One of the things you may come across as a network engineer is configuring a VPN tunnel between two sites that have the same IP address space, i.e. overlapping subnets. There are many reasons this can happen, such as when two companies merge or if you are connecting to a business partner who is already using your IP address space.

In the first case of a merger, you will probably have access to (or at least control over) the devices at both ends of the VPN tunnel. In the other case of connecting to a business partner, you may or may not have control over the device on the other end of the tunnel. In these articles, we will consider the solution to both scenarios: either you have access to both devices or you have access to just one device.

In this article, we will begin with the simpler case where you have access to both devices at the end of the VPN tunnel. We will be using Cisco ASAs as our VPN terminators, although the same concept applies to Cisco IOS routers (only command syntax will differ). We will be using the diagram below:

For simplification, I have connected the ASAs directly as shown in the GNS3 diagram below:

The challenge with overlapping subnets is in routing. In the above diagram, ASA1 has a direct connection to the 192.168.1.0/24 network via its inside interface. Therefore, there is no way the ASA will forward traffic for the same subnet out of its outside interface towards ASA2.

What if there was a way to “deceive” the ASAs about the network to which they will be connecting to? What I mean is, what if we configure the ASAs to hide the real networks behind them? ASA1 can mask its 192.168.1.0/24 to say 10.10.10.0/24 while ASA2 will change its own 192.168.1.0/24 to something else, like 10.10.20.0/24. Therefore, ASA1 will think it is creating a VPN tunnel between 192.168.1.0/24 and 10.10.20.0/24 and ASA2 will think it is creating a VPN tunnel between 192.168.1.0/24 and 10.10.10.0/24.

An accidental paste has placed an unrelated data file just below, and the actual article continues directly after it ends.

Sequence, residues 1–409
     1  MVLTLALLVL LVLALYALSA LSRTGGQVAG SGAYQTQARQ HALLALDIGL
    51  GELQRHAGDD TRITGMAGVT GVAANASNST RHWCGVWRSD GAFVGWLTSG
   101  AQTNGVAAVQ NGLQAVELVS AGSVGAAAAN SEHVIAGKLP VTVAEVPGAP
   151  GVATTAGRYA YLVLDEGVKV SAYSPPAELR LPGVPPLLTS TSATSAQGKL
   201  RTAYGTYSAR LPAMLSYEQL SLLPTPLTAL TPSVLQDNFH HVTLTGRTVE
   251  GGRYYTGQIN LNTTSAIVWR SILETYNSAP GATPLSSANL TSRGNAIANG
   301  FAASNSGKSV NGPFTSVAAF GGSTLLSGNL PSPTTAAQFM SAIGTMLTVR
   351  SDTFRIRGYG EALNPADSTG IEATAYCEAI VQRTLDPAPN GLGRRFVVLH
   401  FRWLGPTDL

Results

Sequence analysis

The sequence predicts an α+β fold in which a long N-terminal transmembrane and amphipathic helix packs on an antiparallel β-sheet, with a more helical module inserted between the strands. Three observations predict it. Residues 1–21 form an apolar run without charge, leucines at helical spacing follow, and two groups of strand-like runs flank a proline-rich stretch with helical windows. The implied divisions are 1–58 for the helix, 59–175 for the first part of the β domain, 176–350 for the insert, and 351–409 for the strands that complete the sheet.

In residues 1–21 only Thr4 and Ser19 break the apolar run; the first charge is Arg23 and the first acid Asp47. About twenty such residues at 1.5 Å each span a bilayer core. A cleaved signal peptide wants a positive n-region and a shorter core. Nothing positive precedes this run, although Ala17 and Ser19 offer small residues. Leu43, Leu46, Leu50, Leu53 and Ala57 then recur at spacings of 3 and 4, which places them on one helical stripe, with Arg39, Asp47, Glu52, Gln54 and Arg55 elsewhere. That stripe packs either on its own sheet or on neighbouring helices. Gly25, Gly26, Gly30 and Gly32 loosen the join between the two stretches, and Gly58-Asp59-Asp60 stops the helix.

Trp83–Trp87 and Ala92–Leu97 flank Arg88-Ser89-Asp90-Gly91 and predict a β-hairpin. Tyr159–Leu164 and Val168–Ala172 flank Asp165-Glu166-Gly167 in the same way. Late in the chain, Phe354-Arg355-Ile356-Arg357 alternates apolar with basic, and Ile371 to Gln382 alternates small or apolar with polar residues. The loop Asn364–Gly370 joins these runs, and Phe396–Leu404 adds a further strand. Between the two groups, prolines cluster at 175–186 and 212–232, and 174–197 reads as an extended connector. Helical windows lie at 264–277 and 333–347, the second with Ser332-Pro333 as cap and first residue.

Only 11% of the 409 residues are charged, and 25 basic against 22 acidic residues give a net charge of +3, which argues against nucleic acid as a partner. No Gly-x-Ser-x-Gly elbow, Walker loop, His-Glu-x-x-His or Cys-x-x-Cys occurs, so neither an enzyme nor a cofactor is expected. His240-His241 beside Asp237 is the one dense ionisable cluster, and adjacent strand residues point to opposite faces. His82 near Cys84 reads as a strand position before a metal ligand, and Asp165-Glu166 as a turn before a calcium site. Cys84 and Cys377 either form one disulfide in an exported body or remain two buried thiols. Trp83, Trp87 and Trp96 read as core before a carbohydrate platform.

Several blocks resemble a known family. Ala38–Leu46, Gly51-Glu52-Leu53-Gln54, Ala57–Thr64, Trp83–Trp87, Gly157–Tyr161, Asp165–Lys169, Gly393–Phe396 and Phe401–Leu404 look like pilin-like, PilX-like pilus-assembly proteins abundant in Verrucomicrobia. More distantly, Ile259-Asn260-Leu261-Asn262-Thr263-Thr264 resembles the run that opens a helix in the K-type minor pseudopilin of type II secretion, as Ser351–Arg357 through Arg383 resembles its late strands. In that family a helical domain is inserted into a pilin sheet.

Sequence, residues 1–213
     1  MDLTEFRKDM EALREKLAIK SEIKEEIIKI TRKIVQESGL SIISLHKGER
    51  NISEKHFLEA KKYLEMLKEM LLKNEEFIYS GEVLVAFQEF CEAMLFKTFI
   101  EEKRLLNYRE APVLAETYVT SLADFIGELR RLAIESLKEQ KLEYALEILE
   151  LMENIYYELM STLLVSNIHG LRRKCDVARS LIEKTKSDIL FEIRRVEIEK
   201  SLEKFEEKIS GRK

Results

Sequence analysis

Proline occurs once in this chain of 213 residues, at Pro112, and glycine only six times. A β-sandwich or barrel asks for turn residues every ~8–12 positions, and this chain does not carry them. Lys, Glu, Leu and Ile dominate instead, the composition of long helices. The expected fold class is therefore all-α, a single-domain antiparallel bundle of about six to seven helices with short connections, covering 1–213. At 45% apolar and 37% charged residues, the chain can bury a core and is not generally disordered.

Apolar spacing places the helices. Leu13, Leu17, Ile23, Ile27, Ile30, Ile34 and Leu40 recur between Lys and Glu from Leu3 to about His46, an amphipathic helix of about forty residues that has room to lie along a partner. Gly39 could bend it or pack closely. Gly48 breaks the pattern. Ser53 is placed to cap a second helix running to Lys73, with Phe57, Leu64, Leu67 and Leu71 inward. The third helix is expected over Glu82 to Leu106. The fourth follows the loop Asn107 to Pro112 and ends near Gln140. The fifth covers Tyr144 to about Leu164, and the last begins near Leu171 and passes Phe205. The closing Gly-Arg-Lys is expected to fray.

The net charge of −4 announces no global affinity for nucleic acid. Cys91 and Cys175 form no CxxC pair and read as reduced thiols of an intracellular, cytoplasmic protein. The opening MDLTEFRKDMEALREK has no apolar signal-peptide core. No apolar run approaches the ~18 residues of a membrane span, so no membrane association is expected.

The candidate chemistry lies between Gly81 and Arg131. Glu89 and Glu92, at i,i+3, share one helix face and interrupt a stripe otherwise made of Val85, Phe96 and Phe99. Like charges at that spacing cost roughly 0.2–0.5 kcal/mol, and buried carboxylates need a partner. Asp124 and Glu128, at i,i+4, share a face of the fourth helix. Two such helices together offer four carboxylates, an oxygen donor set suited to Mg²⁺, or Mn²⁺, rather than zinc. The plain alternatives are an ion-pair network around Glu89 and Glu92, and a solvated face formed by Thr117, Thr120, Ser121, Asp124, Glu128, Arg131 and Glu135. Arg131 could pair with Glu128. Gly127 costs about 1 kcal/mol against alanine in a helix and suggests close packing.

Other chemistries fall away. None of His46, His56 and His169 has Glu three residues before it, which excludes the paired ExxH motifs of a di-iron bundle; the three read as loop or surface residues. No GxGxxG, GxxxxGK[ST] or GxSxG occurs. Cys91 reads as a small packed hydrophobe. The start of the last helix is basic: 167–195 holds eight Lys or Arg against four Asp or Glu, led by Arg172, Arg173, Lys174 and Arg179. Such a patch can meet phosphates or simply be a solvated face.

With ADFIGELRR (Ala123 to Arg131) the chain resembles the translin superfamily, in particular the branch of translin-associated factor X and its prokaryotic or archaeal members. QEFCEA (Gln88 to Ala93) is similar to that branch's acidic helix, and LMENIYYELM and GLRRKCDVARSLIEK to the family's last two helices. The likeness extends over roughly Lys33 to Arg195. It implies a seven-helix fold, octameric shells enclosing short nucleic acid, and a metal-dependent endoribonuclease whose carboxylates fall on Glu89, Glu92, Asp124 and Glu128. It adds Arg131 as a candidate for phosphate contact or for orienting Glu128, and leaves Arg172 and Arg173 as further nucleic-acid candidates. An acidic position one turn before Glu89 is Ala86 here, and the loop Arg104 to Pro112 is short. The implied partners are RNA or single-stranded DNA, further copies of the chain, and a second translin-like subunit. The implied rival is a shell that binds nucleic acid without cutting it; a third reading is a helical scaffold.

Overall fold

The last statement I made above is not entirely correct because of the order of operation on the Cisco ASA. Which one is processed first: NAT or Crypto map? The answer depends on the direction of traffic flow.

  1. When traffic is flowing from the inside to the outside, NAT is processed first before crypto maps.
  2. In the other direction (outside to inside), crypto maps are processed before NAT.

So let’s take a scenario to see what happens. Host1 (192.168.1.10) behind ASA1 wants to send traffic to Host2 (192.168.1.10) behind ASA2. Note that Host1 sees Host2 as 10.10.20.10 because of the NAT performed by ASA2:

  1. Host1 forwards the traffic (src = 192.168.1.10; dst = 10.10.20.10) to its default gateway which is ASA1.
  2. For inside to outside flow, NAT is processed before the crypto map. Therefore, ASA1 will change Host1’s IP address to something like 10.10.10.10.
  3. Since NAT happens first, for the VPN tunnel to be set up between ASA1 and ASA2, the ACL used under the crypto map on ASA1 must match a source network of 10.10.10.0/24 (not 192.168.1.0/24) and destination of 10.10.20.0/24.
  4. If the tunnel is set up successfully, ASA2 receives the traffic. For outside to inside flow, crypto map is processed before NAT. Therefore, the ACL used under the crypto map on ASA2 must match a source network of 10.10.20.0/24 and a destination network of 10.10.10.0/24, i.e. the reverse (mirror) of the ACL used on ASA1.
  5. ASA2 then performs NAT by changing 10.10.20.10 to 192.168.1.10 and sends the traffic to Host2.

As such, we can conclude that on both ASAs, the ACL used to match interesting traffic should contain the translated addresses, not the real addresses.

The configuration on the ASAs is as follows:

ASA1

hostname ASA1
!
interface GigabitEthernet0
 nameif outside
 security-level 0
 ip address 41.1.1.1 255.255.255.252
 no shut
!
interface GigabitEthernet1
 nameif inside
 security-level 100
 ip address 192.168.1.1 255.255.255.0
 no shut
!
object network inside-mapped-network
 subnet 10.10.10.0 255.255.255.0
!
object network inside-real-network
 subnet 192.168.1.0 255.255.255.0
 nat (inside,outside) static inside-mapped-network
!
access-list CRYPTO_ACL extended permit ip 10.10.10.0 255.255.255.0 10.10.20.0 255.255.255.0
!
route outside 10.10.20.0 255.255.255.0 41.1.1.2
!
crypto ipsec ikev1 transform-set TRANS_SET esp-3des esp-md5-hmac